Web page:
This post might be very ‘Australia’ orientated, but I am going to make some obvious observations about timing, tax, and the ZineQuest Kickstarter I ran in February this year. In Australia the financial year runs from July one year to June the next. ZineQuest ran in February. My Kickstarter project for ZineQuest launched on the 1st of February, and ended on February the 16th, funding successfully. Kickstarter takes time to gather rewards, chase backers who declined or didn’t pay, and generally process things, and in the end the money raised by the Kickstarter landed in my account on the 2nd of March, about two weeks after the project had ended. It should also be noted here that the amount pledged and the amount received by the project creator are not the same thing. Kickstarter takes it’s 5% fee, and there are additional processing fees which typically round the amount up to around 10%, and then there are dropped backers and refunded backers. Dropped backers are those who pledged an amount of money, and then who, for whatever reason, didn’t pay.
To give a quick and dirty break down using my Kickstarter as the example:
Corsairs funded on February the 16th, with 236 Backers pledging $4116 AUD.
Dropped Backers amounted to -$76, leaving the amount gathered by Kickstarter at $4040 (an ominous number 😀 )
Kickstarter fees amounted to about $202 and processing fees of a further $167.
Meaning that, after all else, Corsairs resulted in a deposit into my account from Kickstarter for roughly $3671 (yes, I am sanding off the cents throughout).
INSERT OBLIGATORY PLUG:
If you don’t have a copy of Corsairs you can fix that by heading to DriveThruRPG or Itch.io. If you missed the Kickstarter and are interested in a physical copy of the zine, there are still some physical copies left, contact me at firstname.lastname@example.org for details.
Out of this I obviously had to pay for everything, from art to printing and shipping. Shipping was the largest expense by far, and cost a little over $1100 on its own. Aaaaannnndddd this is the thing that I think I am going to try and remember for the next time…
With the money hitting my account at the start of March, and the end of the financial year sitting at the end of June, the money raised by the Kickstarter was going to sit in the 2019/2020 taxable year. Between art, printing delays, and Covid, I ended up having Corsairs printed and shipped to me at the start of August, and then shipped out to my backers in the middle of August. Meaning the printing and shipping costs of more than $1600 would be counted as an expense in the 2020/2021 financial year.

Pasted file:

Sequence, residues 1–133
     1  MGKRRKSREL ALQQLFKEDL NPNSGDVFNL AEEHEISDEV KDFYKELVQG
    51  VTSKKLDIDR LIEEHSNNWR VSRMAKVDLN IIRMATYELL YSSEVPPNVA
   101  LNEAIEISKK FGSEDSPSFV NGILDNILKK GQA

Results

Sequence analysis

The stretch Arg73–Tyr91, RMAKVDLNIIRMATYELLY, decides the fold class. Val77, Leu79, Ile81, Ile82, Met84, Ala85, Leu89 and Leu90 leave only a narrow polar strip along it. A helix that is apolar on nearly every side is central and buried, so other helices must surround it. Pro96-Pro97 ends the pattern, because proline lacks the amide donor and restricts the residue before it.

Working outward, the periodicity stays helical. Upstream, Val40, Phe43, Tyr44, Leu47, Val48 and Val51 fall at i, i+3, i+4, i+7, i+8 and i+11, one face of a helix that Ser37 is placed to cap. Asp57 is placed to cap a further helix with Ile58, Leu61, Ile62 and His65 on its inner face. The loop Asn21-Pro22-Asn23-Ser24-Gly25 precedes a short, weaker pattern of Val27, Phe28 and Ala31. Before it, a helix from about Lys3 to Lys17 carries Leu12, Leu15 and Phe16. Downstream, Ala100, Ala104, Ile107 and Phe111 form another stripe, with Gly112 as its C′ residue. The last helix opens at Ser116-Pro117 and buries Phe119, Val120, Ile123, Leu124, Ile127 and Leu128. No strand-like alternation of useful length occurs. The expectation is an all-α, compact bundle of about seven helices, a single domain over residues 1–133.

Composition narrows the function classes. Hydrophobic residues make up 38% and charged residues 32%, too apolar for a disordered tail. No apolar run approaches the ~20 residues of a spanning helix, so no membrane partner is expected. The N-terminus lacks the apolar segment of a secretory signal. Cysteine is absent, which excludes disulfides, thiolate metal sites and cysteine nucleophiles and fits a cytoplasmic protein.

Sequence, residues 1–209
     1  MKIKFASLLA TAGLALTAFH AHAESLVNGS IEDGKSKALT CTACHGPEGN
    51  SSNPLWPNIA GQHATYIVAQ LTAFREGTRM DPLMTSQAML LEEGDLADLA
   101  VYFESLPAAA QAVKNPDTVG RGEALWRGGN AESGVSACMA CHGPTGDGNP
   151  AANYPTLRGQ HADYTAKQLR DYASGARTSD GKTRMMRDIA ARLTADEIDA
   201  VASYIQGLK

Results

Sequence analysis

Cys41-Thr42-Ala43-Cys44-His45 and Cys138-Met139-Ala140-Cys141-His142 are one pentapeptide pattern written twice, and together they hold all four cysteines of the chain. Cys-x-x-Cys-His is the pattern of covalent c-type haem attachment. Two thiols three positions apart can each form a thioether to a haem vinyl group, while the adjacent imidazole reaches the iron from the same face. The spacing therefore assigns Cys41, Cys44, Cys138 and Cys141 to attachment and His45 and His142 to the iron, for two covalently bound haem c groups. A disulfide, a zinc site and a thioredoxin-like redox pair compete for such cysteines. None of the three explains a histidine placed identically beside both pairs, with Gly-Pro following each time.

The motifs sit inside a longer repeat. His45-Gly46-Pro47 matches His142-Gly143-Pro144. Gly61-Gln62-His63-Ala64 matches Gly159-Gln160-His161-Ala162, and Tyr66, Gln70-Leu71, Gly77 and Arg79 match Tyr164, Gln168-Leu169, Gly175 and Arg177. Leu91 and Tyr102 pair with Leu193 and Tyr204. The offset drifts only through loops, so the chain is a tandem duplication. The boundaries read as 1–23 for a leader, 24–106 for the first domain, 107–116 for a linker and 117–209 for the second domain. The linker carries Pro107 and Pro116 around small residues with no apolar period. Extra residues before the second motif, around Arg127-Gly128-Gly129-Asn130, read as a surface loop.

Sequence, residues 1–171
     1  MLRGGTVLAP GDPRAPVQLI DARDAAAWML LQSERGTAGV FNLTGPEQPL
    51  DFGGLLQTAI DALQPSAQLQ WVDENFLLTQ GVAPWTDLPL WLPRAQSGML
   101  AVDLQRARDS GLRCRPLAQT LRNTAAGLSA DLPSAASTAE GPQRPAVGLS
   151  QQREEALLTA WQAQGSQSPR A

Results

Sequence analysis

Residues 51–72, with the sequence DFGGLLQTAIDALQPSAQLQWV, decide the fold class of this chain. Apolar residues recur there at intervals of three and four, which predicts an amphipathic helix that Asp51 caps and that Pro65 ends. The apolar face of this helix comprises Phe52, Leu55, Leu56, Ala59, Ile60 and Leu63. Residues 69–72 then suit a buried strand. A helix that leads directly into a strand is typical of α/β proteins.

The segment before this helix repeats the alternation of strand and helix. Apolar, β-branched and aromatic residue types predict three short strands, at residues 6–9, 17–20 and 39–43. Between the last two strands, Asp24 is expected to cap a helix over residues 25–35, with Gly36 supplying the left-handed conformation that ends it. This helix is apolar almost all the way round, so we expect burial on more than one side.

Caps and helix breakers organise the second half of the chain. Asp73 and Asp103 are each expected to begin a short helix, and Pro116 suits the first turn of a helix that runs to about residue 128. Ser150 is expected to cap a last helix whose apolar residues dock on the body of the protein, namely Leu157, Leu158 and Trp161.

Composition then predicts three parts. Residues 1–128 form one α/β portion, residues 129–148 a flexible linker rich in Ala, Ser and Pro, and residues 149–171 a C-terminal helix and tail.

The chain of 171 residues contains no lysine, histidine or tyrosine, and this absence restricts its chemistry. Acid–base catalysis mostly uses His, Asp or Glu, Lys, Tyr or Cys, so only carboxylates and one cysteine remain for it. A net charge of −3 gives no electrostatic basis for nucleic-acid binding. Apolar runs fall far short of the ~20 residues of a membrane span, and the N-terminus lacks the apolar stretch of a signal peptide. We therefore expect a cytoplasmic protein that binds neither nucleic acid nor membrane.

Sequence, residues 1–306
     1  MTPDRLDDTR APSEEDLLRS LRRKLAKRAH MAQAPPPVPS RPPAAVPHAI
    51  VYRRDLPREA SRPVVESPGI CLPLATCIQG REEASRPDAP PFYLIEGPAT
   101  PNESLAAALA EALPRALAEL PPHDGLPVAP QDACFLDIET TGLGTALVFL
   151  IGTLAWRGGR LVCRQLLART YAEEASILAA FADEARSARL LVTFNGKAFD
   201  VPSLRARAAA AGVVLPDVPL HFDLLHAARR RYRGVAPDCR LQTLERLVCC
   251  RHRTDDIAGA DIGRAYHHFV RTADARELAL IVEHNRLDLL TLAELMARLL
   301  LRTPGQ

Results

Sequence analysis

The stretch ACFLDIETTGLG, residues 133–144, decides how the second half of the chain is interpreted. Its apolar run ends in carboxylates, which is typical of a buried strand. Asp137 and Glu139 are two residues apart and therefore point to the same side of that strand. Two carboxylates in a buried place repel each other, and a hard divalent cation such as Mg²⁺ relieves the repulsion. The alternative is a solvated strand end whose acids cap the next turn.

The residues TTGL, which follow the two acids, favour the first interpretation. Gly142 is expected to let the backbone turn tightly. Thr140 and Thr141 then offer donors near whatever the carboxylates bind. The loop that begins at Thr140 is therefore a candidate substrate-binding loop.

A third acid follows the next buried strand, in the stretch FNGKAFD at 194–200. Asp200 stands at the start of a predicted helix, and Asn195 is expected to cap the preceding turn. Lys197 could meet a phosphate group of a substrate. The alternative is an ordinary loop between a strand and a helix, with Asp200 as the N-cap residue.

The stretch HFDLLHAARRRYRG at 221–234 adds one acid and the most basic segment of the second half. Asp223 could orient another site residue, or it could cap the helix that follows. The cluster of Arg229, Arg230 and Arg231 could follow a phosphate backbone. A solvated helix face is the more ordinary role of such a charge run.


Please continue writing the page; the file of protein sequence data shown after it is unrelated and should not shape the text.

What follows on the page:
Why is this relevant? It’s about the taxable income for any given financial year, in an ideal scenario I would have had the game printed and shipped before the end of the 2019/2020 financial year in June 2020 in order that the costs of printing and shipping would count against the income from the Kickstarter as an expense, and reduce the taxable income of my business.
Now, I fully understand we are talking small amounts of money here compared to almost every other kickstarter or business. But timing, as best as is possible, the expenses element of a Kickstarter so that the income does not look artificially inflated to the tax office is really worth planning for.
Yes, I had an income from the Kickstarter of over $3600, but that didn’t account for multiple expenses (art, printing, shipping labels, envelopes, shipping, and everything else). The tax office don’t care what expenses are upcoming though, that’s for the next financial year, all that matters is what happens between the start of July 2019 and the end of June 2020. Now, perhaps there is an advantage to the fact that my business has already racked up a bunch of expenses for the 2020/2021 financial year, and that may be useful when it comes to the (fingers crossed) ZineQuest in 2021 and lodging my tax return for the 2020/2021 financial year, but thinking about the timing of income and expenses is something I am much more aware of now than I was back in January of this year. This might be especially true if you are running a Kickstarter or making money from your creative work in addition to a day job, and your income is already close to a tax threshold.
Dull talk, and perhaps very Aussie-centric, but some further thoughts following my experiences this year with the ZineQuest.